Science and Weather

It’s a new term so a fresh set of science presentations from Reading’s Café Scientifique at Monroe’s Rock Cafe. I enjoy these forays into learning although only partly for the education as it is rare for there to be a subject covered that isn’t already well-referenced on Wikipedia. Mainly it’s for the beer (although the venue is currently pretty poor in this regard) and chances to look clever asking probing questions.

Tonight the subject was The Science of Weather Forecasting, presented by Professor Alan Thorpe who works just down the road as Director General at the European Centre for Medium-Range Weather Forecasting. Here’s a picture of Alan (left) introducing Slovenia as the 20th member state last month.


Alan gave a very professional presentation in the slightly out-of–the-ordinary environs of Monroe’s, not helped by the frequent interruption by staff carrying food past the stage for science-loving diners.

Things I learned (mainly numbers):

  • The ECMWF predicted the arrival of ex-hurricane Sandy at New York eight days in advance of its landfall, generating a lot of Twitter traffic and (putting the nose of their American rivals out of joint). Luckily the prediction came true as Twitter and weather predictions have a chequered past.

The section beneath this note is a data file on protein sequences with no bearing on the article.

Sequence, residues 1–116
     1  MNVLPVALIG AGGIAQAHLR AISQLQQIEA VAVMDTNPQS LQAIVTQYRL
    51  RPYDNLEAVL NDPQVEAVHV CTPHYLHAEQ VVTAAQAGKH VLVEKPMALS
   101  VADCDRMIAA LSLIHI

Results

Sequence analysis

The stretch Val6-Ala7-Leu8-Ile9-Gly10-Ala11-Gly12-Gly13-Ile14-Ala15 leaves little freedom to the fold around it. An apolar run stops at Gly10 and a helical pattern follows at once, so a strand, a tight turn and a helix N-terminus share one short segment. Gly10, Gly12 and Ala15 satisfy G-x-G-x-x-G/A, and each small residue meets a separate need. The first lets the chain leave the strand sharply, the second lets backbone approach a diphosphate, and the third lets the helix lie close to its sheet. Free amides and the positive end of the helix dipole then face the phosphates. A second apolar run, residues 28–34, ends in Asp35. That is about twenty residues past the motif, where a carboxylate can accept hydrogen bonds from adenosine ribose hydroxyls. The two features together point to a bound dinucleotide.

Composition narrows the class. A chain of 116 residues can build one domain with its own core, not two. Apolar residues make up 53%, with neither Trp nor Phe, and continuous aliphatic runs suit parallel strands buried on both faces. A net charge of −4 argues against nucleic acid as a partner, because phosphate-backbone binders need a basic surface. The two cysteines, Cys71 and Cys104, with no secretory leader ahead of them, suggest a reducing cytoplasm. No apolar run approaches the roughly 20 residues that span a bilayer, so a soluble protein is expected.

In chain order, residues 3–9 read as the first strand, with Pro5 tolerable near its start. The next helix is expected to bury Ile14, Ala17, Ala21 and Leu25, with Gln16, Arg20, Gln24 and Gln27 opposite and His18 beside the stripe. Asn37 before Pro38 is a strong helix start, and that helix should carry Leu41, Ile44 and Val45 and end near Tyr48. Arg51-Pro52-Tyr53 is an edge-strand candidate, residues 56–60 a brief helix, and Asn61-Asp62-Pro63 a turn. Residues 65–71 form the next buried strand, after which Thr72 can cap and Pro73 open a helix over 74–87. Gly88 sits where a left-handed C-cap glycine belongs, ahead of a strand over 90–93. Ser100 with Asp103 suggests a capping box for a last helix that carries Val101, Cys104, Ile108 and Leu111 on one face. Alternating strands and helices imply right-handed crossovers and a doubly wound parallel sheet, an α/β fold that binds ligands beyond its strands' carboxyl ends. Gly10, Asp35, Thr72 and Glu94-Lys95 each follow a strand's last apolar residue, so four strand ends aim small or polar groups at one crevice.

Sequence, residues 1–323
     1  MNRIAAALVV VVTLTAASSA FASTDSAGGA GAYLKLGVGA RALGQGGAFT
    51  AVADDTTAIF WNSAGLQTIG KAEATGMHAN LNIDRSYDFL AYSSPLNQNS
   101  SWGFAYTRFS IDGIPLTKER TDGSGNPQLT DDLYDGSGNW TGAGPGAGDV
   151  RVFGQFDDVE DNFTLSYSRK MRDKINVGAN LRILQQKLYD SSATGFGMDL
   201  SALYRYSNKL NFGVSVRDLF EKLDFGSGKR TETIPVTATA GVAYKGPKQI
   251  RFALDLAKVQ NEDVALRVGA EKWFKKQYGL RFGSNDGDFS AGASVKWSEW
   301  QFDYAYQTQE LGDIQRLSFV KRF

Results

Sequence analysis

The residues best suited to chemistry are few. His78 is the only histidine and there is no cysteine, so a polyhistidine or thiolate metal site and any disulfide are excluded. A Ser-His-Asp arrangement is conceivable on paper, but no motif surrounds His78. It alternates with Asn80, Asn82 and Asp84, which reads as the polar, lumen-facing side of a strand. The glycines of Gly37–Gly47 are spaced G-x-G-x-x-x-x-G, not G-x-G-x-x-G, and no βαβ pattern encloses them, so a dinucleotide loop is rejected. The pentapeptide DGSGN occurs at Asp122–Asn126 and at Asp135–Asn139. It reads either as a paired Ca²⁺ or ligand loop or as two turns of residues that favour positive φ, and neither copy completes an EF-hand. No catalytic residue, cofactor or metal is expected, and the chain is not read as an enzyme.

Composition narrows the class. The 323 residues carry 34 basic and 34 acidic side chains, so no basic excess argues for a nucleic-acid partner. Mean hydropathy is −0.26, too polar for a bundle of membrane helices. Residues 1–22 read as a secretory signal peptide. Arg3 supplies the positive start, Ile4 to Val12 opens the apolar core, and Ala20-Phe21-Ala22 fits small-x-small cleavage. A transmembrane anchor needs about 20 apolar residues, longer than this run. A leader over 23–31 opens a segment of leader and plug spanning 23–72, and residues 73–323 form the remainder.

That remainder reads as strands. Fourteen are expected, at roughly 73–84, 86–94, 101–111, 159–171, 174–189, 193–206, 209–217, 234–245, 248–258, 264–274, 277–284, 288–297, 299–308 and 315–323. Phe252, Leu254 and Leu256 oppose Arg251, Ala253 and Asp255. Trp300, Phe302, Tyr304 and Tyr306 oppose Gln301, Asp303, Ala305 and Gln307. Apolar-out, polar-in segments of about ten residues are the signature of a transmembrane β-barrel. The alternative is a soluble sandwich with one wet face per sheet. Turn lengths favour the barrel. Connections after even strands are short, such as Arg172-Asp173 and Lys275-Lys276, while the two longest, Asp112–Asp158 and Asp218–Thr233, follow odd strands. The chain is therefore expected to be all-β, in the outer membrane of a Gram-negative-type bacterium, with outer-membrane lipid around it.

• The super computer used for modelling the weather generates 50 predictions using slightly modified sets of the same data to allow for chaos. So if you see “40% chance of rain that means 20 predictions resulted in precipitation and 30 didn’t.
  • The atmosphere is divided into square slabs, 16 km on each side and 100m or more thick (high). The thickness increases with altitude and there are 91 slabs in each 80km high column. The super computer calculates the weather for each slab and, being 16 km across, means it can’t be as specific as, say, “the weather for Reading”. This will change as computing power, data collection and the understanding of the physics behind weather improves. There is a lot of the Earth that has minimal information on weather being generated, especially at sea, and a global picture is required for better accuracy so good data is key.
  • The centre has around 250 staff, one half of whom are scientists and the other half keep the supercomputer running.
  • Weather satellites last around 4-5 years before they become pretty sparkles in the sky. This is a “good thing” as it allows newer technology to be regularly deployed on replacement satellites and helps support an important industry sector.
  • Alan introduced me to the term “anthropocene” (in response to a question from the audience) which means a period of time where human activity has a significant impact on the world.

Next event is Cafe Sci – Life in the Cosmos on 11th of February. There will be real meteorites! I strongly recommend you watch Apollo 18 before attending.

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